Tom's Midnight Garden … is one of those rare, miraculously individual books which belong to no category and demand absolute acceptance from the reader. Philippa Pearce wrote here a kind of ghost story, except that the ghost was still alive, and a kind of historical novel, its period carefully concealed from the reader. (p. 198)
The concluding passages have a perfection unmatched in children's literature.
Part of the wonder of Tom's Midnight Garden lies in purely literary qualities. Philippa Pearce is a master of style. Unlike William Mayne, a greater virtuoso performer who is often carried away by the enchantment of his own skill, she is always in control. She uses words as if she had just discovered them. With them she discloses the mystery of the garden and explores in depth the complex personalities of Tom and Hatty. No one, not even E. Nesbit in the 'Arden' books, has managed better the transition from present to past….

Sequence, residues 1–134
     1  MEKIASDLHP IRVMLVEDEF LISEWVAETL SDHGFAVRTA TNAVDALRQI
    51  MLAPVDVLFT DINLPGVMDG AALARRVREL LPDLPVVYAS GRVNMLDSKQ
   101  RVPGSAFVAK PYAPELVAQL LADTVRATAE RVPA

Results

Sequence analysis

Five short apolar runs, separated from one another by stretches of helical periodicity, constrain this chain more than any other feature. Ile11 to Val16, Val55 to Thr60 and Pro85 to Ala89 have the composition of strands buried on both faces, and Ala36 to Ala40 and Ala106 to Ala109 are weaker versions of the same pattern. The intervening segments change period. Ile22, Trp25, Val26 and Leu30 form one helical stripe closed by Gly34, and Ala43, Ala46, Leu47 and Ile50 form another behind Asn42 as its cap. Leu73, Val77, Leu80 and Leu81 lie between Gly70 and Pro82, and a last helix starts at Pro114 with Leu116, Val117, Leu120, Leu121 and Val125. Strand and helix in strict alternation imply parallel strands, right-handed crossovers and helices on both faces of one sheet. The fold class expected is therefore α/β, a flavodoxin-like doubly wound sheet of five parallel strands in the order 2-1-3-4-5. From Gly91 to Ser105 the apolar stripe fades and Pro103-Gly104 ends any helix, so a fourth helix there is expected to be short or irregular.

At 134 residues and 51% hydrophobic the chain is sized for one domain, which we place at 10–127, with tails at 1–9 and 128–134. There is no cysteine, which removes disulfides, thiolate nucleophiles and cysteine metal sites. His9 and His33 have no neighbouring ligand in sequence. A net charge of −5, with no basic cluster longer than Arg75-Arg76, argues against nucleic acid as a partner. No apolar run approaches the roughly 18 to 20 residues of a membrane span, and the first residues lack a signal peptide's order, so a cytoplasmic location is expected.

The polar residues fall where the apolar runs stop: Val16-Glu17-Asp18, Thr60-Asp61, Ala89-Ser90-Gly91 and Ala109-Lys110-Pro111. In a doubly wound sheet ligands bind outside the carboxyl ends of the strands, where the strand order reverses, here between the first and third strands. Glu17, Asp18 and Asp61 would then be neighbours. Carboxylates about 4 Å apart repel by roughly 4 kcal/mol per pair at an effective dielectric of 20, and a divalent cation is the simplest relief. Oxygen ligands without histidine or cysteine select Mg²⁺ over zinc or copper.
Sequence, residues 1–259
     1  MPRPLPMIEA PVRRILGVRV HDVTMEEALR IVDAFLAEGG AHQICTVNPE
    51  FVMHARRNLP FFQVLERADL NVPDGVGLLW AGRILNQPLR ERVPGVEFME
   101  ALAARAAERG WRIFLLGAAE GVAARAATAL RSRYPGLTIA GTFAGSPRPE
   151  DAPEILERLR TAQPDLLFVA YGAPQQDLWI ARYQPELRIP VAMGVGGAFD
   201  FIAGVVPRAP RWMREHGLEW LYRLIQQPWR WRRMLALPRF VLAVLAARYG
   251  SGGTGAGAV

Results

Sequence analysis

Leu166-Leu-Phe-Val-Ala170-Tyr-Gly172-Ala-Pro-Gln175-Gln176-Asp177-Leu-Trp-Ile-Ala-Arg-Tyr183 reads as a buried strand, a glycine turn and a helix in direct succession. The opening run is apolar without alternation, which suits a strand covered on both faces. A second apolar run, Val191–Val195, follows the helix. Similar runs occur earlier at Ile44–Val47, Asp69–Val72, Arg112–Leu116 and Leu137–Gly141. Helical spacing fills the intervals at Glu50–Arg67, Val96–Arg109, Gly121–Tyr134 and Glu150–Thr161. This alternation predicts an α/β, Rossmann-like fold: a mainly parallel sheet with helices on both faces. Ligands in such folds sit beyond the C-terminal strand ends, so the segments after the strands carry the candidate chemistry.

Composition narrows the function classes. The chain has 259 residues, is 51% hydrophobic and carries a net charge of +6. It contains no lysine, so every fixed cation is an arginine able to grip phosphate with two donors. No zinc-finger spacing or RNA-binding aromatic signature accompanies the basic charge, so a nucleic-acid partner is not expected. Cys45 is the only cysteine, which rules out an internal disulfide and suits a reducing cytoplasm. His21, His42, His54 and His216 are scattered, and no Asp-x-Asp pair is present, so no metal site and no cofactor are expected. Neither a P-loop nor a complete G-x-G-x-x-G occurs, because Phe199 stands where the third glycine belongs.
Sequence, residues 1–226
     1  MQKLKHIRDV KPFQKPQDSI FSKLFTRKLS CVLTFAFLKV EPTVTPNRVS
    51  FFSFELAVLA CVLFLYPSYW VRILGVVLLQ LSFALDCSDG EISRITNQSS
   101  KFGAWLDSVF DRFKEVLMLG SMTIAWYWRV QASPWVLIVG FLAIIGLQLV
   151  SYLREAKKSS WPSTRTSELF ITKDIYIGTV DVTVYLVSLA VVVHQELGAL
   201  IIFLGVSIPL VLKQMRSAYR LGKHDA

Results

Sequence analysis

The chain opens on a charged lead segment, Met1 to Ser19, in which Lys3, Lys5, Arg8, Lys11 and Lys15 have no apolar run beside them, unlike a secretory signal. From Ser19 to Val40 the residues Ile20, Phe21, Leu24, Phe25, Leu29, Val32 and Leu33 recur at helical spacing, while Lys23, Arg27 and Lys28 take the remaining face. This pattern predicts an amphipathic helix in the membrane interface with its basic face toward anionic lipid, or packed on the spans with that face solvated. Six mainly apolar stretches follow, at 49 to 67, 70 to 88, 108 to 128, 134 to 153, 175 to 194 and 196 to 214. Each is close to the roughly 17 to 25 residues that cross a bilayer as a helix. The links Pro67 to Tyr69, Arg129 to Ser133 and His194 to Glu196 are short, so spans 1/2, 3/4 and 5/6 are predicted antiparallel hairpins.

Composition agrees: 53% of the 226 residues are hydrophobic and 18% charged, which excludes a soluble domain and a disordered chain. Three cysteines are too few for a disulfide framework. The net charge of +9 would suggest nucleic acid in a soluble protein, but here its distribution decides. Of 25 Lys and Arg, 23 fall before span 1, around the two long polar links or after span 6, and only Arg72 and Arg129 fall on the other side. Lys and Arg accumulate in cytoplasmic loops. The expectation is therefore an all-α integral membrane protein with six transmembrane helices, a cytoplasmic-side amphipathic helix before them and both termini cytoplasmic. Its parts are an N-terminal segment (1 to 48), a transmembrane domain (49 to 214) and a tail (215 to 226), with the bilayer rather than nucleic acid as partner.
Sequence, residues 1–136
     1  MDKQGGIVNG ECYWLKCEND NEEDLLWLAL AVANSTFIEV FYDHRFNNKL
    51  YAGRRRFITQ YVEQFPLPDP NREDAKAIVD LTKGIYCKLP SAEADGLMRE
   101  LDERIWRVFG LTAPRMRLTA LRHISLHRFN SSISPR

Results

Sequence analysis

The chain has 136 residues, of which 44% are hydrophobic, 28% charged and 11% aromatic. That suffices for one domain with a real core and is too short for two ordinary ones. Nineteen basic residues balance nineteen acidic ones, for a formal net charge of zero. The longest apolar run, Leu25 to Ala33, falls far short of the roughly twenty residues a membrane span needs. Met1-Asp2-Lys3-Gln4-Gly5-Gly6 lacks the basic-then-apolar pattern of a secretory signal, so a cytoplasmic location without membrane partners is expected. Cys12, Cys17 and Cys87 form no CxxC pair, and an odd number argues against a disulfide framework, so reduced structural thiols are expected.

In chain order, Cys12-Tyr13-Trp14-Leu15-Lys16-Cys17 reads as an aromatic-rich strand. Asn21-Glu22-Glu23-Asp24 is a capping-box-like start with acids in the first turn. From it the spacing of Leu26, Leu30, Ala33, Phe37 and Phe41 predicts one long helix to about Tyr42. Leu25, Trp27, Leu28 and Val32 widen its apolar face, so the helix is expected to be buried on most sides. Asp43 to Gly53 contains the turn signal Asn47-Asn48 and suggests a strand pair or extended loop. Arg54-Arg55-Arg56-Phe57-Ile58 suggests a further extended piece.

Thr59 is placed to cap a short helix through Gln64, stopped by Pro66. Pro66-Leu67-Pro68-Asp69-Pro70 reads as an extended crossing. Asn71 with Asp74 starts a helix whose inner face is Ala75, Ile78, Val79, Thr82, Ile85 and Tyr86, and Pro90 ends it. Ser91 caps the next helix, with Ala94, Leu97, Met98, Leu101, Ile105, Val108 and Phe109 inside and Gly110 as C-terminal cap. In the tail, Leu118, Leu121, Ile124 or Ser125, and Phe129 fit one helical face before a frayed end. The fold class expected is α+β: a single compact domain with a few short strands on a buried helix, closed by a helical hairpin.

Minnow on the Say … is an enchanting story of a treasure-hunt …, as fresh and fragile as a spring day. It is structurally disastrous. In three years Miss Pearce learnt all about her craft. The construction of Tom's Midnight Garden, its firm development, the subtle variation from episode to episode, is beyond criticism. (p. 199)
Marcus Crouch, "Self and Society," in his The Nesbit Tradition: The Children's Novel in England 1945–1970 (© Marcus Crouch 1972), Ernest Benn, 1972, pp. 196-229.∗